unizeit Schriftzug
Portrait

by Prof Dr Simone Fulda, President of Kiel University

Dragonfly

The scientists Ali Khaheshi and Dr Hamed Rajabi from the Functional Morphology and Biomechanics working group explore the structure of insect wings to improve man-made constructions.

Kai Lohsträter

Professionally supporting publications and raising their visibility – the new University Publishing aims to provide Kiel's scientists with this service. But what does it take to set up something like this?

Hans Gerhard Creutzfeldt

The famous brain scientist Hans Gerhard Creutzfeldt was a professor at Kiel University from 1938 to 1953. The neurophysiologist Professor Michael Illert analysed previously unexplored sources on Creutzfeldt's activities during the Third Reich.

Zwei USA-Flaggen, in gegensätzliche Richtungen wehend

Donald Trump as president is history for the time being. But how could he ever become a political reality? Political scientist and U.S. expert Professor Torben Lütjen has been analysing the deep division in American society and predicts little to rejoice about.

UK flag, one-way-version

Lorries queuing in front of the Eurotunnel, empty shelves in Northern Ireland – Brexit has been official since 1 January 2021, and its consequences are already being felt. What does this mean for the EU? Three years after the first article in unizeit on Great Britain's exit from the EU, Professor Stefan Reitz gives an assessment of the current situation.

Ships and a  floating dredger

It is currently not possible to accurately determine the navigable depth of harbours with a high level of sedimentation using the technology of echo sounding. Kiel-based geophysicists are involved in a joint project aimed at solving this problem with sophisticated measurement technology and artificial intelligence.

African savannah

Climate change and its effects are the focus of research by Professor Ralph R. Schneider from the Institute of Geosciences. He is researching vegetation from the distant past to assess the effects of global warming.

Stone ship "Ales stenar"

How do we perceive things? And what does this mean for the way we act – or don’t act? A new international research project with Kiel-based participants is considering these questions by looking to the past.

Two women with pottery shards

Exciting discoveries in the earth: schoolchildren will be able to carry out experiments on all aspects of archaeology at Kiel University's new archäo:labor. Starting after Easter.

crested tit

Investing in the conservation of natural habitats not only serves to protect diverse flora and fauna, it also benefits people. This is the conclusion drawn by Kiel-based economist Katrin Rehdanz in a recently published study.

Markus Hundt

Vice President for studying, teaching and continuing professional development, Professor Markus Hundt, knew what he was getting himself into when he was elected to this post by the University Senate on 7 October last year.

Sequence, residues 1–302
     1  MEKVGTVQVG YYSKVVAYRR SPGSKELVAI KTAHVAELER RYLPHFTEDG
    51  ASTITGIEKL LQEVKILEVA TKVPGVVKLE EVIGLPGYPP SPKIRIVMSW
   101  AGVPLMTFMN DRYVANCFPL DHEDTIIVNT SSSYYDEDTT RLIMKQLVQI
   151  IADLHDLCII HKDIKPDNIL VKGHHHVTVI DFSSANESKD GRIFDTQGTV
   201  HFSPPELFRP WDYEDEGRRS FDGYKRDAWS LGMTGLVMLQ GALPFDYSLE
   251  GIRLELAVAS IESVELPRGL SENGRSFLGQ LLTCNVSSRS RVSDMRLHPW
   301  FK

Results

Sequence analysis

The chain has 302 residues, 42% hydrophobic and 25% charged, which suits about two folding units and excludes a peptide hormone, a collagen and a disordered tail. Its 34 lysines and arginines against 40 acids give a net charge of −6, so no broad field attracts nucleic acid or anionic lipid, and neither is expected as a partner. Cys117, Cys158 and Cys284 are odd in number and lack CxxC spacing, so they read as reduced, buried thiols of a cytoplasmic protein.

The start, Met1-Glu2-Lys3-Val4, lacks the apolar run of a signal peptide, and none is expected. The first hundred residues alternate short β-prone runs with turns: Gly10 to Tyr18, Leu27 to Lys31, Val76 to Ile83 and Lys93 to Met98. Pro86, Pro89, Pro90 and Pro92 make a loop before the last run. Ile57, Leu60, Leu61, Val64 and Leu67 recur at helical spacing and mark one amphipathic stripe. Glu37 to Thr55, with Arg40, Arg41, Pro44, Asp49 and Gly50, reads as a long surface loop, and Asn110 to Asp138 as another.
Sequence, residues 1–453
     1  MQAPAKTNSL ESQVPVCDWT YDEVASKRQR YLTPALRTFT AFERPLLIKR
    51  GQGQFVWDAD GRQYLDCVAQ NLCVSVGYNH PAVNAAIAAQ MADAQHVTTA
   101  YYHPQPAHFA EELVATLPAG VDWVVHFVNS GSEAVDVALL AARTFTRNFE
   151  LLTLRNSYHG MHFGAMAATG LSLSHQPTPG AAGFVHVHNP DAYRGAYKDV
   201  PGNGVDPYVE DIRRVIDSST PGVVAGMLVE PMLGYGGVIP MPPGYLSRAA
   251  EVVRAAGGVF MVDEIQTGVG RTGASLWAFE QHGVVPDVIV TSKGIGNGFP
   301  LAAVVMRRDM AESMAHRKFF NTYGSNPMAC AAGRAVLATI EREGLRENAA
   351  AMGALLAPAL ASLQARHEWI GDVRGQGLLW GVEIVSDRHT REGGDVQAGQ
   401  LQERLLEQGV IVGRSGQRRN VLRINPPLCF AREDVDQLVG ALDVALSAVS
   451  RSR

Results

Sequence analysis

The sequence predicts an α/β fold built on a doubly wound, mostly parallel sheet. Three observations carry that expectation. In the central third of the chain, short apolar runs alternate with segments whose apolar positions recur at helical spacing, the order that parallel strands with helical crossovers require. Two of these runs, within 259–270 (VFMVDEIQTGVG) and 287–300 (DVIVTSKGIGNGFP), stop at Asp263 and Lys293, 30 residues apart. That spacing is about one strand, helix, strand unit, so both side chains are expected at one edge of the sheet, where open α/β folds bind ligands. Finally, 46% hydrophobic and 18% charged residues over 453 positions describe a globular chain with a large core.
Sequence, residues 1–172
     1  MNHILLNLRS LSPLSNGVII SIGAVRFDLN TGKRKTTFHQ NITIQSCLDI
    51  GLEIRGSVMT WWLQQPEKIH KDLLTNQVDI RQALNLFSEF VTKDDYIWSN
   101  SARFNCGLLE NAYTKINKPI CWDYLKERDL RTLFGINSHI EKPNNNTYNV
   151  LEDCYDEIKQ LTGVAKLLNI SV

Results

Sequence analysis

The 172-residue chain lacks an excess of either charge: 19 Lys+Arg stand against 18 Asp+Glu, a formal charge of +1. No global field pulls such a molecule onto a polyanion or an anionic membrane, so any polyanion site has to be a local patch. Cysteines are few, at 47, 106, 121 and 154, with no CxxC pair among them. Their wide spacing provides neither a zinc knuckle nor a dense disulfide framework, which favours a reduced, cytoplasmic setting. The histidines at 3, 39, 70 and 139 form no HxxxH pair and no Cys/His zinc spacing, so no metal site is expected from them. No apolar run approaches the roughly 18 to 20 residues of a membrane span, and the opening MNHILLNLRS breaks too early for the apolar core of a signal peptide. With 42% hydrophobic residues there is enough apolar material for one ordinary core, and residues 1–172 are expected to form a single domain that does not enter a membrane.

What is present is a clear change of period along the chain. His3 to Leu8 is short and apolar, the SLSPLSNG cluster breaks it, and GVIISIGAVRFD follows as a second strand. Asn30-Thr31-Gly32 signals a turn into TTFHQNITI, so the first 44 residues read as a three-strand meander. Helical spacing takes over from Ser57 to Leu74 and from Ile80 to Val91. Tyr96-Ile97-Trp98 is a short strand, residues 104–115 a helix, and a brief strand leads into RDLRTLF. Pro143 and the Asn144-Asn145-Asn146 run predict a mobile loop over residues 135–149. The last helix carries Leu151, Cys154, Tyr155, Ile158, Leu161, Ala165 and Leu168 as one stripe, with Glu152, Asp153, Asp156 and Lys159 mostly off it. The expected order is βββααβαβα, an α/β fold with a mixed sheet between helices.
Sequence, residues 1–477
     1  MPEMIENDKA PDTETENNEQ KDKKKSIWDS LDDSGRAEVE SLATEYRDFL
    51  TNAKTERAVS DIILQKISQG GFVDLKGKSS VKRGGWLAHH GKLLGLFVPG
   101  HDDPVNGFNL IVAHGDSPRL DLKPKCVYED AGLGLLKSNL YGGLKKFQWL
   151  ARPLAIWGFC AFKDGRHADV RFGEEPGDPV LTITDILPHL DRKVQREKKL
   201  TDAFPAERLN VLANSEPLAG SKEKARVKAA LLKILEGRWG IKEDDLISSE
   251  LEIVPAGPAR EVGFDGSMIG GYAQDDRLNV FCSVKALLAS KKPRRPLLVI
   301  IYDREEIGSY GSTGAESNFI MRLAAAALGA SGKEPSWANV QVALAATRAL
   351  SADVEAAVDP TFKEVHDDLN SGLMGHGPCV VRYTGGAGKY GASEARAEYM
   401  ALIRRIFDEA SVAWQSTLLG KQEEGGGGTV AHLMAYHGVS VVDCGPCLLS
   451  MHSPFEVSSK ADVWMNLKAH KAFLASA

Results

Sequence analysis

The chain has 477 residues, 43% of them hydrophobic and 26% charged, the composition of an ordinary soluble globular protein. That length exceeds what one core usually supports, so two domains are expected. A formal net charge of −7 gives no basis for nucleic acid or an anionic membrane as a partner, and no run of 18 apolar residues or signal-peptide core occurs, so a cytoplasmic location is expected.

Portraitbild Eileen Eckmeier

Humans and the soil

Julia Gottschalk

Ocean and climate dynamics of the past

Babak Moradi

Innovative treatments for arthrosis

Robert Seyfert

Sociology in the digital age

Porträt

Social inequalities

Osivue Michael Lucky

A dream, perseverance and a tip from a good friend have brought Osivue Michael Lucky from Nigeria to study in Kiel. His goal is to become an expert in financial and economic analyses.

Scientist in laboratory

Demand for gene sequencing in research is high. With one of four national sequencing centres, Kiel University is playing in the premier league here. COVID-19 brought quite a few night shifts and much publicity for the researchers.

Kohlstedt, Hansen und Vahl

Computers may be getting ever more reliable, but the human brain still works far more efficiently. What we can derive from this for learning and technical information processing is being studied by scientists – many of whom are early career researchers – in the new Collaborative Research Centre 1461 "Neurotronics".

Fragment of a manuscript

The Old Testament tells many stories of the origins of the people of Israel. There are, however, several versions of many of these stories. Biblical scholar Christoph Berner is examining the reasons behind this and establishing findings on when they were written.

Bamberg Cathedral, Portal

Antisemitism is often thought of today as an invention from the Nazi period. General hostility towards Jews can actually be traced much further back. Historian Manfred Hanisch regularly attracts a large amount of interest in his lectures and presentations on this subject.

Justitia-Figur

Law and corona. It's not exactly a dream combination, but day-to-day study has been less problematic than expected. That has a lot to do with the character of this discipline.

Tactile copy of a painting

Participation for all is the declared aim of the Kunsthalle zu Kiel. With special online tours, even the blind and partially sighted can experience the joy of art.

Siegel der Universität Kiel